Mid-Coast at center of Maine's labyrinth scene

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BRUNSWICK — Churches, holistic healers, and crisis recovery centers have all started circling in on a tool they say can help ease a troubled mind: the labyrinth.

“It centers me,” said Paula Gustafson, who works at the Learning and Recovery Center on Mere Point Road. “It calms me. It pulls me to the now, instead of the what-ifs.”

Labyrinths may just be the next big thing to cross over into mainstream culture. They come in many shapes and sizes, but the basic idea is the same. Unlike a maze, which is designed to stump or confound the user, a labyrinth has only one path, which leads to the center.

“They’re plain and simple,” Gustafson said. “There’s no dark corners.”

Labyrinths have been around for 4,000 years; in ancient Greek myth, a labyrinth houses a monstrous minotaur.

Now, the old idea has been given new-age life.

For the last 14 years, a worldwide network of labyrinth enthusiasts have been quietly connecting through the Labyrinth Society; the result is more than 3,000 walkable labyrinths across the country.

If the group of labyrinth users continue to grow, it could add to the tourist appeal of the Mid-Coast region, which is already home to nine of the state’s 26 labyrinths.

Gustafson said that her labyrinth has become the biggest draw for the LRC since it was constructed in 2004 by community members, with support from the Whispering Grove Labyrinth Society.

Last summer, the LRC got a visitor from Colorado who was touring labyrinths from coast to coast. A monthly moonlight labyrinth walk, during which attendees are invited to leave their troubles at the labyrinth’s center, brings as many as 15 participants.

Dr. Sally Haley, who runs the White Pine Holistic Medicine Center on Church Road, said the labyrinth behind her home practice always seems to be attracting some curious visitor.

“People come from all over, I mean internationally, to visit and do their meditation,” she said. “People just show up here. It’s open 24-7. Sometimes, I come back from shopping and I’ll see a strange car in the driveway. I view it as a self-serve thing.”

Haley said she first became interested in labyrinths after seeing one that was operated by the First Parish Church. Today, she estimates about 30 percent of her patients use it as a meditative tool.

“There’s body, mind and spirit,” she said. “This is part of the spiritual component of healing.”

The actual effects of a labyrinth on the psyche are open to debate. Supporters say they are a tool that facilitates meditation. The act of walking along the defined path allows the mind to wander and the consciousness to be opened to thoughts that would otherwise be drowned out by the bustling activity of a normal day.

“You’re watching where you’re going; it’s just kind of soothing,” Gustafson said. “This is all laid out. You don’t have to think.”

“I do feel calmer, more at peace,” Christine Dipiazza, a peer support specialist at the Learning Recovery Center, said after walking the labyrinth for the first time.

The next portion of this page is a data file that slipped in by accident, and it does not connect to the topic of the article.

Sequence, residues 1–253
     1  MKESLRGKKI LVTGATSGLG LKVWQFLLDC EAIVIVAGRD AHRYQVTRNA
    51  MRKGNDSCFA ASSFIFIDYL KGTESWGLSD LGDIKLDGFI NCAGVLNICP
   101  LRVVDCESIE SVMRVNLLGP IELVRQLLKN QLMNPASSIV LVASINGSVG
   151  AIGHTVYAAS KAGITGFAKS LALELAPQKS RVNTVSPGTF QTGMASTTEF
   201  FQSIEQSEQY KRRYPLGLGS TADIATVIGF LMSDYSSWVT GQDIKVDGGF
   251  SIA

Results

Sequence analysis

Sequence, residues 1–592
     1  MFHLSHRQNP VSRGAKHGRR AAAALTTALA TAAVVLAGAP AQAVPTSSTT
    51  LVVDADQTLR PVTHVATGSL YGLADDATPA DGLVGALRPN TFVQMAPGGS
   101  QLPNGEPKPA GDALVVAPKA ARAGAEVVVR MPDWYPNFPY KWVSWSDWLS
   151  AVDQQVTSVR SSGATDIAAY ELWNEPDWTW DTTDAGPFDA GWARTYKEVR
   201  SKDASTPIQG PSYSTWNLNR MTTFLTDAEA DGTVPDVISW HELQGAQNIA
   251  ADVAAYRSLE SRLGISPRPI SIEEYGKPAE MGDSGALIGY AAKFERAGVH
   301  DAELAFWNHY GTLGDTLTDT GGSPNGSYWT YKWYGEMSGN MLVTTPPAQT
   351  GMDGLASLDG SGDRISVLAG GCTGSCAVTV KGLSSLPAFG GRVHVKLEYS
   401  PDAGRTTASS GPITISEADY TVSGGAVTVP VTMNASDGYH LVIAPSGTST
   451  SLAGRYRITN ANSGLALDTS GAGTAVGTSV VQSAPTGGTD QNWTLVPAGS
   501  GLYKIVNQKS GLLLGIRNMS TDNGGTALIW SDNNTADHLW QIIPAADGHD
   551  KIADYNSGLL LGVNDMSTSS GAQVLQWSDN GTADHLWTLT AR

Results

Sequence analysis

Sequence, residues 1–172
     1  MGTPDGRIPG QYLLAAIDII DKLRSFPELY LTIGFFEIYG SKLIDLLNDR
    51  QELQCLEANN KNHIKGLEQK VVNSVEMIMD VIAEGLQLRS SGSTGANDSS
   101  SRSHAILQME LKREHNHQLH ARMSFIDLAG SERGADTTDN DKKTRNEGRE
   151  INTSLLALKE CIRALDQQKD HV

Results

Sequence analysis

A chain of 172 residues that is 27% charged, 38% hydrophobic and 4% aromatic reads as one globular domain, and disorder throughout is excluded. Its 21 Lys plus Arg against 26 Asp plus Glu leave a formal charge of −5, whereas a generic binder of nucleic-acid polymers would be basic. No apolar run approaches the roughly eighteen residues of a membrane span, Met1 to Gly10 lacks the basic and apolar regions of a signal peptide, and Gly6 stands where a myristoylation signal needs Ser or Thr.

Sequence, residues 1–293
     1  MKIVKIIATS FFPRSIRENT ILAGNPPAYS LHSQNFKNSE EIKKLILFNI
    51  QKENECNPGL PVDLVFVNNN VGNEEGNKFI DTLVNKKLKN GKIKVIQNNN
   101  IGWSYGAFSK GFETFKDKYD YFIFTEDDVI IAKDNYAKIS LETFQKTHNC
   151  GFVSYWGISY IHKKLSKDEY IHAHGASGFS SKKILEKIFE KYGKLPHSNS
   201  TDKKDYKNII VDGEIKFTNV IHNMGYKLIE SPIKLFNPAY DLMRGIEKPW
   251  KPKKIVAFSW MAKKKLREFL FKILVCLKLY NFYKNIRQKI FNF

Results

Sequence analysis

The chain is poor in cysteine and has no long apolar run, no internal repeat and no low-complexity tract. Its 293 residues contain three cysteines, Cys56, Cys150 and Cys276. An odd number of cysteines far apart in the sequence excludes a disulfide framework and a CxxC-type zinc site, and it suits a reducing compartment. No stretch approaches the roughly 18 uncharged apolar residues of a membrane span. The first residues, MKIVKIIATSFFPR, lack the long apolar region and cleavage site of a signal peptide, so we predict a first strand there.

Stephanie Hanner is a community relations worker at Sweetser, the behavioral health-care center that operates the LRC, among other facilities.

Hanner said the labyrinth has been so successful, it might be replicated at other Sweetser offices.

“We have an opportunity to do something similar in Sanford,” she said. “It’s a great draw. The organization sees value in these types of things.”

Most labyrinths don’t have walls that close off the walker from the outside world. Their paths can be delineated with rocks or rope; the LRC labyrinth has a bird bath with an angel in the center, while the one at White Pine has a stone bench.

Other labyrinths are printed on canvas and can be unfurled where and when desired.

The labyrinth at White Pine includes decorative imagery from a variety of different religions, which underscores the fact that labyrinths aren’t associated with any particular religion. A survey by the labyrinth society found that 56 percent of the walkers were Protestant, Catholic, or unspecified Christian; 15 percent were either Wiccan, pagan, or “spiritual;” 10 percent identified with no religion at all.

Those who have studied labyrinths appreciate and debate the appeal of different designs, which can include classical, concentric, or a Chartres design based on a world-famous labyrinth built in the 13th century in a cathedral in Chartres, France.

“This is a four-circuit Baltic design,” Haley said, describing the finer points of the labyrinth at White Pine. “It’s more curved and rounded, as opposed to having sharp pivots.”

She said she likes the continuous flow suggested by the lack of pivots, and also because, unlike most popular designs, it has a short, direct path to the center in addition to the more traditional circuitous route. This allows elderly and handicapped people to enjoy the center of the labyrinth more easily, she said.

If the labyrinth society continues to work to bring labyrinths to schools, churches, prisons and hospitals across the country, they may one day become as mainstream as yoga.

If and when that day comes, the Mid-Coast region will have a head start on becoming the labyrinth hot-spot of the state.

Sidebar Elements


Assistant Coordinator Paula Gustafson, left, leads Christine Dipiazza, a new employee, through Dipiazza’s first labyrinth walk at the Learning Recovery Center on Mere Point Road in Brunswick. The public is invited to use the labyrinth.

This labyrinth, at White Pine Holistic Medicine Center in Brunswick, is used by patients and visitors as a tool for achieving relaxation and meditation.

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